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Bypass closet doors are two sliding panels that cover storage or utility openings. They move in tracks installed in a door frame on clothes, hall or linen closets as well as small laundry room or water heater and furnace spaces. Used in basements as well as on main floors, bypass closet doors are unique from other sliding styles as they move in at least double tracks rather than only a single one. The two panels are then able to bypass, or overlap, one other because each panel runs on a separate metal door frame track.
Contrastingly, a pair of bi-fold closet doors runs on one track. When one bi-fold door of the pair is opened, the center part of it, which is hinged, points outward to access half of the closet space. Bypass closet doors are also made to slide open to allow access of one side of the closet. Whereas bi-fold doors are typically slatted with small wood planks angled to leave openings of air for ventilation, bypass door styles often feature solid panels. Some bypass closet doors are metal with patterned holes designed for ventilation purposes.
In addition to metal and wood, bypass closet door styles are available in glass or mirrored versions. Mirrored bypass door styles can work especially well, as each panel is one piece so there are no divisions to distort the image being reflected. In this way, having a double-wide, full-length mirror is a bonus when choosing bypass closet doors. They can be especially useful in small rooms where another type of mirror won't fit. Also, mirrored closet doors can make the space appear larger.
In addition to frameless, mirrored bypass door panels, glass inserts with wood or metal frames are other panel types. These kinds of bypass closet doors can look modern and elegant. The glass may be clear, frosted or textured. Popular wood frames for glass bypass doors for closets include pine, cherry and oak. The frames can match furniture wood such as kitchen cabinets for a pantry or a chest of drawers for a bedroom closet.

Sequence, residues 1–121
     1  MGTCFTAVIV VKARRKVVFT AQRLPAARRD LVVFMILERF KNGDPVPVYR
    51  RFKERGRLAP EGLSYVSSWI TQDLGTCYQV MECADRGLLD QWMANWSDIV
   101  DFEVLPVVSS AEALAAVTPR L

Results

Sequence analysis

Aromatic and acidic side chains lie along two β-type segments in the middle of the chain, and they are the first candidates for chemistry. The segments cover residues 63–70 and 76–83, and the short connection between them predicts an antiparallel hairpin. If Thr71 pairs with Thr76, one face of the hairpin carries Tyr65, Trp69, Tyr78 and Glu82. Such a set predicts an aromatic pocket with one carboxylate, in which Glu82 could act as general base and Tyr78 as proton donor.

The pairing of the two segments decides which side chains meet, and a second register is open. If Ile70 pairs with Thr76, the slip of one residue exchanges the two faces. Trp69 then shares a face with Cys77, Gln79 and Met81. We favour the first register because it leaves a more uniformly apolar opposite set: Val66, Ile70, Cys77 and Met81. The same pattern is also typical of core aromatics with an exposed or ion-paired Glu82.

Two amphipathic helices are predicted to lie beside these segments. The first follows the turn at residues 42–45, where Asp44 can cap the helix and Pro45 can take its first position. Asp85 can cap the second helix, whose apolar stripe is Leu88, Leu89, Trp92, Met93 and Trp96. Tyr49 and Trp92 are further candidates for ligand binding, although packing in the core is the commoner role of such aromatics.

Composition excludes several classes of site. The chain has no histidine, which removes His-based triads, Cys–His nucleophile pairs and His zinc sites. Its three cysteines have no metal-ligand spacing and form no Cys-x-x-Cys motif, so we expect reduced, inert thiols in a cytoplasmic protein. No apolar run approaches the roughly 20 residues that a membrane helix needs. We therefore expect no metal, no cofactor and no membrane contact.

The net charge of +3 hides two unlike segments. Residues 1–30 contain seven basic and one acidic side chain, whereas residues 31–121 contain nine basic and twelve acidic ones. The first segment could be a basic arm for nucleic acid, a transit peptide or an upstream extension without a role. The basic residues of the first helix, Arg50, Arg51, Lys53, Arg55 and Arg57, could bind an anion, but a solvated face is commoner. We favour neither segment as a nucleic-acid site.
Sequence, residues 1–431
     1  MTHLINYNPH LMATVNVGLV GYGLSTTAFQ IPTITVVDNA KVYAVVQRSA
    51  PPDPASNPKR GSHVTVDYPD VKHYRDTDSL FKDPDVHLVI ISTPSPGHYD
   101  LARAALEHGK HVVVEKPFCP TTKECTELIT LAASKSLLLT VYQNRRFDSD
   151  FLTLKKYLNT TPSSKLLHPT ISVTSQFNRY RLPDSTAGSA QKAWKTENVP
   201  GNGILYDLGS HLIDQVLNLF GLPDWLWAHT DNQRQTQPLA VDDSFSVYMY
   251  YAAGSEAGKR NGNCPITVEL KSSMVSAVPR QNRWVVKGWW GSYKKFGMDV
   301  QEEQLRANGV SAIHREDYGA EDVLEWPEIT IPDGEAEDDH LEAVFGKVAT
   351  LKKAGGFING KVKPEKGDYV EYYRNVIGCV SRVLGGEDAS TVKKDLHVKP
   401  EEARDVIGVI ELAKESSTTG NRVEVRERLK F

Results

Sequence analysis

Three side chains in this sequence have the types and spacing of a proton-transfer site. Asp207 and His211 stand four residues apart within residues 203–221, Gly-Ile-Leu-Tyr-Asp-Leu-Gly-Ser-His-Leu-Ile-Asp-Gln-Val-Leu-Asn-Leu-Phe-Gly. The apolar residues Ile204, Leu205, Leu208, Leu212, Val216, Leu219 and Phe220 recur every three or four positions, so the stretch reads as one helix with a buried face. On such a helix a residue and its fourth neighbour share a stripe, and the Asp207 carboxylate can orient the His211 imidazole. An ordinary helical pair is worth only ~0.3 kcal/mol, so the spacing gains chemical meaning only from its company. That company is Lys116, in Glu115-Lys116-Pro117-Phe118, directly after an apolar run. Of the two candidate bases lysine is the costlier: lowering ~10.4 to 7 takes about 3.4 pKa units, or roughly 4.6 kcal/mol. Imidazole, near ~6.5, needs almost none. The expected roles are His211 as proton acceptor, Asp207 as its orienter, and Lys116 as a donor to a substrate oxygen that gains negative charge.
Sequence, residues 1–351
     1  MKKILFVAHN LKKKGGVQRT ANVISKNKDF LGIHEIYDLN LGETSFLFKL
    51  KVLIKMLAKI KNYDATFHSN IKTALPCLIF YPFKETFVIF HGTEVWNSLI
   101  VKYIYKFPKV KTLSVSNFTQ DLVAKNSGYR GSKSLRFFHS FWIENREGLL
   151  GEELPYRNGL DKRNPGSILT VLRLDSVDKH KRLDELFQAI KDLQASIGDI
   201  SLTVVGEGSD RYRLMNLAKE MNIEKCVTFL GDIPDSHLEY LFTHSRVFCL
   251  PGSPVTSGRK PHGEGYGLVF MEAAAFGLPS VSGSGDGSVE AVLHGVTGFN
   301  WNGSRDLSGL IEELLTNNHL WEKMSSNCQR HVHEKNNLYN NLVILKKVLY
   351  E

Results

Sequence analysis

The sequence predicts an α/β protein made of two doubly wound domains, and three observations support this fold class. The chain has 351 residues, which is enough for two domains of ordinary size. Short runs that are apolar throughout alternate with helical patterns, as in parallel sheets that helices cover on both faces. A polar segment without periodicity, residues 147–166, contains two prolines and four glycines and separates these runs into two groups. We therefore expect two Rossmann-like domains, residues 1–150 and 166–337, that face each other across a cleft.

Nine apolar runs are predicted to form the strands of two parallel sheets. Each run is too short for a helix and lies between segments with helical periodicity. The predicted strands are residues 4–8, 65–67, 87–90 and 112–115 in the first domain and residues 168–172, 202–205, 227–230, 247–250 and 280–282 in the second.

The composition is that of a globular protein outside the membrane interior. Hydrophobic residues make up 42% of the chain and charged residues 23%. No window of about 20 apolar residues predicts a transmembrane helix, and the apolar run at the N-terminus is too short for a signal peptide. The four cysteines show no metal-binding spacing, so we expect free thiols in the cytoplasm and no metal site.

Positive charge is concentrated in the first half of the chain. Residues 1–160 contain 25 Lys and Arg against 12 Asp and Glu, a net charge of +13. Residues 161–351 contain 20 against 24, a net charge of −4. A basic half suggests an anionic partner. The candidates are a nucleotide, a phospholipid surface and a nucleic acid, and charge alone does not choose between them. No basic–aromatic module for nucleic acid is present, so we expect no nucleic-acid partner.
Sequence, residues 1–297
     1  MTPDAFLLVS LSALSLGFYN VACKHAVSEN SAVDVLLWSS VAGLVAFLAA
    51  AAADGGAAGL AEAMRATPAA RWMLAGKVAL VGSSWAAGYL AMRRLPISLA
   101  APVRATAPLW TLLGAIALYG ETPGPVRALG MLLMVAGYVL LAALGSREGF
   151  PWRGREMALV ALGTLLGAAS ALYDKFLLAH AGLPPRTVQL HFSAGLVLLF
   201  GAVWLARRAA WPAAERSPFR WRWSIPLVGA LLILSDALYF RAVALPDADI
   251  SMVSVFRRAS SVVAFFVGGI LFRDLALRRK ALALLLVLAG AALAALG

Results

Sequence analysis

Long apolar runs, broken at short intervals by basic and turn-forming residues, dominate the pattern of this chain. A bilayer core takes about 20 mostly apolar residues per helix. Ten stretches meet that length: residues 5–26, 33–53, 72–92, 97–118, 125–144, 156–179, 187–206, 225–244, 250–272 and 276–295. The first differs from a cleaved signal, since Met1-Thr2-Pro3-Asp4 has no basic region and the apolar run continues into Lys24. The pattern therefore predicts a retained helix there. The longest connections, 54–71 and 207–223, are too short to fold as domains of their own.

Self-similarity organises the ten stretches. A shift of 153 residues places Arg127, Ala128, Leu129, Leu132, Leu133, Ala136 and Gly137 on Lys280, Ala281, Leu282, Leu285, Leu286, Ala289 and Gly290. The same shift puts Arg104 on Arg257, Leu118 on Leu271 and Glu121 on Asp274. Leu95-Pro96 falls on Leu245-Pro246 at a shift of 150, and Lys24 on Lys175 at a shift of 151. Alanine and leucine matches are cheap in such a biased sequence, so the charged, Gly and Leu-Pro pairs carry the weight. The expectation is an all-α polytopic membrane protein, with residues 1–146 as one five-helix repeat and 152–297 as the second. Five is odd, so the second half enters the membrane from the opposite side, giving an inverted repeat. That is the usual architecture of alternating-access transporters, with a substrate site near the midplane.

In order to slide smoothly in double, or sometimes triple, metal tracks installed around the closet door frame, bypass doors have small roller brackets on the top. The rollers fit into the tracks and move along them when the bypass closet doors are slid open and then re-closed. Most bypass door panels also have metal guiding mechanisms on the bottom to help keep the rollers moving smoothly within the tracks.
@rundocuri- I think that you are smart to get the same type of closet door since you will save money this way. To remove the tracks and change your hardware, you would be looking at a lot more money to transition to a different type of closet door.
That being said, I know that bypass closet doors can be frustrating when they don't operate properly. The best thing that you can do is make sure that all of the hardware is correctly installed in the tracts and on the doors. Once it is, keeping it clean and free of debris should keep your doors opening and closing with ease.
You also should never slam bypass closet doors. This could mess up the track, and cause them to start to run roughly. As long as you take good care of them and use them gently, your new bypass closet doors should work properly for years.
What is the best way to keep bypass closet doors operating smoothly? I need to replace mine because they are always off the track. Though I would like to get a different type of closet door, these are the most affordable, especially since I already have tracks installed.
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